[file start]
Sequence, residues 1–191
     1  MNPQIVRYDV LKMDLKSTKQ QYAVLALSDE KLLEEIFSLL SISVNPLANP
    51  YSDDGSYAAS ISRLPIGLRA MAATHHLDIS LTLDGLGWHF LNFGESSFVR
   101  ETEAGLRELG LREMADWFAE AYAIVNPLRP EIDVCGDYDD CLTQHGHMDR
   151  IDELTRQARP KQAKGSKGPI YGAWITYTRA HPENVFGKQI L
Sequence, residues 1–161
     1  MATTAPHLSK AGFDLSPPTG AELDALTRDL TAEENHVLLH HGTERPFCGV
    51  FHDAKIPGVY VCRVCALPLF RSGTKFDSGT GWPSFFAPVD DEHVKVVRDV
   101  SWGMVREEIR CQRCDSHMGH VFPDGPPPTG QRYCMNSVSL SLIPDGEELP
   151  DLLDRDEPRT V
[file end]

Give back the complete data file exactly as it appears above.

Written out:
Sequence, residues 1–191
     1  MNPQIVRYDV LKMDLKSTKQ QYAVLALSDE KLLEEIFSLL SISVNPLANP
    51  YSDDGSYAAS ISRLPIGLRA MAATHHLDIS LTLDGLGWHF LNFGESSFVR
   101  ETEAGLRELG LREMADWFAE AYAIVNPLRP EIDVCGDYDD CLTQHGHMDR
   151  IDELTRQARP KQAKGSKGPI YGAWITYTRA HPENVFGKQI L
Sequence, residues 1–161
     1  MATTAPHLSK AGFDLSPPTG AELDALTRDL TAEENHVLLH HGTERPFCGV
    51  FHDAKIPGVY VCRVCALPLF RSGTKFDSGT GWPSFFAPVD DEHVKVVRDV
   101  SWGMVREEIR CQRCDSHMGH VFPDGPPPTG QRYCMNSVSL SLIPDGEELP
   151  DLLDRDEPRT V